Karma Automotive Lays Off 60, Pivots Away From Auto Retail
Rachel Uranga covers the intersection of business, technology and culture. She is a former Mexico-based market correspondent at Reuters and has worked for several Southern California news outlets, including the Los Angeles Business Journal and the Los Angeles Daily News. She has covered everything from IPOs to immigration. Uranga is a graduate of the Columbia School of Journalism and California State University Northridge. A Los Angeles native, she lives with her husband, son and their felines.
Luxury electric carmaker Karma Automotive laid off 60 people mostly from its Irvine headquarters as its repositions itself from a retail auto seller to a designer for larger vehicle makers and technology companies. That's on top of another 200 workers cut three months ago, shrinking their workforce by about 25% since October.
Many of those pink slipped are engineers, according to filings with the California Employment Development Department earlier this month.
The move comes amid executive shakeups at the Chinese-owned company as the boutique carmaker has struggled to breakout. Owned by auto-supplier Wanxiang Group, the company is best known for its $135,000 Karma Revero. But, it's now billing itself as a "high-tech mobility incubator" that can manufacture, design and engineer for larger car manufactures that are sinking billions of dollars into capital for new green cars. The $95 billion electric vehicle market is expected to take off in the coming years, quadrupling by 2025.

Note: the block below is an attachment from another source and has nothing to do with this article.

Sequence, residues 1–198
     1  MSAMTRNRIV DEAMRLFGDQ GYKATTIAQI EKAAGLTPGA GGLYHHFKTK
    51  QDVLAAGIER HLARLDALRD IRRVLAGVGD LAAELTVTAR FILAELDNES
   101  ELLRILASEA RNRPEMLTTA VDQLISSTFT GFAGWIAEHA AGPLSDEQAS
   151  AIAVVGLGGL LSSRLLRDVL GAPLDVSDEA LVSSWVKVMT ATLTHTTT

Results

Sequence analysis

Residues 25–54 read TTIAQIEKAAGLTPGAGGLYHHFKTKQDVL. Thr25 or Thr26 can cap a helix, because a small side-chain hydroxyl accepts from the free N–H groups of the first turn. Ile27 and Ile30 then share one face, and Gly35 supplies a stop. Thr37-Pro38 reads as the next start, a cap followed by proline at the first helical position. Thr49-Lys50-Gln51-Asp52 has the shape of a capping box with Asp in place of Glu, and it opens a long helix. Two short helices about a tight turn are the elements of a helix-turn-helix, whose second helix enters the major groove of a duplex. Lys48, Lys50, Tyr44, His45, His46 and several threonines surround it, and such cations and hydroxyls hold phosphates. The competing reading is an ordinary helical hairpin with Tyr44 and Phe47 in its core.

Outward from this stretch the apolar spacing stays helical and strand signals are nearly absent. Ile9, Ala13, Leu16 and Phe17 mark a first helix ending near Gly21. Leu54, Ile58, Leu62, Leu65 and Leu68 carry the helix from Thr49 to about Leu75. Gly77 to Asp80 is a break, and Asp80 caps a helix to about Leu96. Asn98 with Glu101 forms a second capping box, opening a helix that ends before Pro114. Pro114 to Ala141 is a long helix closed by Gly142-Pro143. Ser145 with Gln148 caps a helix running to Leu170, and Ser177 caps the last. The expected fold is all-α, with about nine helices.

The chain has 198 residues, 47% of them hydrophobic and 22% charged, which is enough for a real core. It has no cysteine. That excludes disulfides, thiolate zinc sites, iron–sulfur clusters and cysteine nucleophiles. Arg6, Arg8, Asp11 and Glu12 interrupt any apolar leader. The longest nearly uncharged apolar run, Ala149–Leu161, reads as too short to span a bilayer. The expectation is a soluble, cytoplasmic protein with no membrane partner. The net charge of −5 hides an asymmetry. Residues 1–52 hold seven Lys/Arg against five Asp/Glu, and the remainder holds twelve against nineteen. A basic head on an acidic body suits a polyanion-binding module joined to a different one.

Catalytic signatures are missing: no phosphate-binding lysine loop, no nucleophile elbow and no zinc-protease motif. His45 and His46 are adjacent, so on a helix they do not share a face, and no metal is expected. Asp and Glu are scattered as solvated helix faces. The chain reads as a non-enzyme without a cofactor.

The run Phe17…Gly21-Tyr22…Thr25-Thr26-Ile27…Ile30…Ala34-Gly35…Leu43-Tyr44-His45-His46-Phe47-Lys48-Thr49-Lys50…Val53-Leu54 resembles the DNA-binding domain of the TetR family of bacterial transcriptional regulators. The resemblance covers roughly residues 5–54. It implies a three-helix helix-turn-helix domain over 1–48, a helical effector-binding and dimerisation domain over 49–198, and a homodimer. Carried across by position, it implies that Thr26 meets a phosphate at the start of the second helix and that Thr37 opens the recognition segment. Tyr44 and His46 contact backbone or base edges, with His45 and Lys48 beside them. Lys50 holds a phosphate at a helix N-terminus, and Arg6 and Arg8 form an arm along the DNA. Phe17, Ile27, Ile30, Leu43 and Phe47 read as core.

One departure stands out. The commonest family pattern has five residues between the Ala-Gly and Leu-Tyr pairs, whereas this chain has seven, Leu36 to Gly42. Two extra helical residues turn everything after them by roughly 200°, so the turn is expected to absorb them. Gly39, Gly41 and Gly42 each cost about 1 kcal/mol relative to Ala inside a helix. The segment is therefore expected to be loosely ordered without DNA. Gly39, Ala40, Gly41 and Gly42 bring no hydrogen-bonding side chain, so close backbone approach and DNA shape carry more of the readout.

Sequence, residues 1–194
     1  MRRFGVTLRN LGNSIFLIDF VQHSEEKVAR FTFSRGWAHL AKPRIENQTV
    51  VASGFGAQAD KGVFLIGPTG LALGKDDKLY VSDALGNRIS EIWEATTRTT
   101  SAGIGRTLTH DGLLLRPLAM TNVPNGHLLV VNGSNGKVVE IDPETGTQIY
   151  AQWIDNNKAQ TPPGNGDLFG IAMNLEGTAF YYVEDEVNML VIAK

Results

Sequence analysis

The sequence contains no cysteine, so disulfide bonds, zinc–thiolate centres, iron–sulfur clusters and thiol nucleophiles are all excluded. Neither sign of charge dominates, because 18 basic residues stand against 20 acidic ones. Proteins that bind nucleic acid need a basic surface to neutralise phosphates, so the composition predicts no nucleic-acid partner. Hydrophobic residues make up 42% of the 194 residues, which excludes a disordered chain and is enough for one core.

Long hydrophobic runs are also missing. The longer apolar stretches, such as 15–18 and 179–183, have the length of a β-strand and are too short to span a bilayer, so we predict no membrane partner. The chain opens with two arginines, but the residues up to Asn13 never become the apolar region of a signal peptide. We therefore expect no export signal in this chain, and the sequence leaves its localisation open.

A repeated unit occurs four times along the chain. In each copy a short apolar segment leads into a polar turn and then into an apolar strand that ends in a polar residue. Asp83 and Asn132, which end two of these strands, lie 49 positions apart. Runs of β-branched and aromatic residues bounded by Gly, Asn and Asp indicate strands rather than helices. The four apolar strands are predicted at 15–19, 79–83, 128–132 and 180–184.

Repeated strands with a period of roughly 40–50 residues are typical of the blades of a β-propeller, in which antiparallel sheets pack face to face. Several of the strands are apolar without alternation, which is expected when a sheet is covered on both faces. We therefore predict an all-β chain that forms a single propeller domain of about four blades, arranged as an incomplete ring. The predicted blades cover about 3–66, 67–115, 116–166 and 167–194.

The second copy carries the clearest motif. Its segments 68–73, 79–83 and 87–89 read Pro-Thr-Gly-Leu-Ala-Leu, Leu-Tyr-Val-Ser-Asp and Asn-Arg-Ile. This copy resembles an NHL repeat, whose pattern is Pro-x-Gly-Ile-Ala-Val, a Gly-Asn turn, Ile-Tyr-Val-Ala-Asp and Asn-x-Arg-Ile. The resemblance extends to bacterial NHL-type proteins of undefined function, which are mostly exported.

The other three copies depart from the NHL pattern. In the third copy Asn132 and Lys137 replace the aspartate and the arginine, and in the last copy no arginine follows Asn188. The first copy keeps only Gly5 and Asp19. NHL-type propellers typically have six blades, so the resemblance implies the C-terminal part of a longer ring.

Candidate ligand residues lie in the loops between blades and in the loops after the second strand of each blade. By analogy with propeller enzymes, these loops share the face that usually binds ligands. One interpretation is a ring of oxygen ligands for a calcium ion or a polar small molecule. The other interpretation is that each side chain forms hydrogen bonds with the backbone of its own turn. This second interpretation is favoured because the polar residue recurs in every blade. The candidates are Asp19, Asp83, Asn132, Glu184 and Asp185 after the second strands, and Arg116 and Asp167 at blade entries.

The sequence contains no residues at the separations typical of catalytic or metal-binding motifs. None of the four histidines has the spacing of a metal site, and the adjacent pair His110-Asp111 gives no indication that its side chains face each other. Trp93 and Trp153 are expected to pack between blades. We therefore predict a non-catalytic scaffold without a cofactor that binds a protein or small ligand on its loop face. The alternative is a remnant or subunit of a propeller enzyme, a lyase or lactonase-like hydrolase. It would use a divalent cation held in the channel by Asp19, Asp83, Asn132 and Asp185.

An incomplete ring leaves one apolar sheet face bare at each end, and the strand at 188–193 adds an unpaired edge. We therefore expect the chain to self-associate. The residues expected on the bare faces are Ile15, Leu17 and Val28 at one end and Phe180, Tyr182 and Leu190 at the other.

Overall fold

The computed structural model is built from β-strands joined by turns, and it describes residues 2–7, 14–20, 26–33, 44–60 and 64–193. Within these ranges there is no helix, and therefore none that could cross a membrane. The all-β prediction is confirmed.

"When the company was formed, we were formed around trying to be a mass market automotive retail company," said Karma's spokesperson Dave Barthmuss. "You need a certain kind of an engineer for that. As we move into these other areas, we need a different kind of engineering skill set."
"We need Silicon Valley entrepreneurs, an innovative mindset versus of the more traditional automotive mass market mindset," he said.
Earlier this week, competitor Canoo announced that it struck a deal with carmaker Hyundai to design a so-called skateboard platform in which it can base its new passenger vehicle design on.
Meanwhile, Karma has been restructuring its business to strike similar agreements. Earlier this year, chief executive Lance Zhou brought in several new c-suite level executives and opened up a design studio in a push to become a manufacturer and designer for other carmakers.
The move could generate a lot more than automaking, said Tyson Jominy, vice president of data and analytics consulting J.D.Power.
"It's an ugly, difficult profession," he said. "Even all the success Tesla has had, it has never made a full year's profit."
Last year, Wards Auto reported that Karma's owners had pulled back in investment. Barthmuss wouldn't comment, but said Wanxiang Group remains committed to the automaker's strategic direction.
China's car market has been dismal with sales down 8% last year, Jominy said. "There's a lot of pullback in investment as a result."
Read Karma's notice of a "mass layoff" to the California Employment Development Department here:
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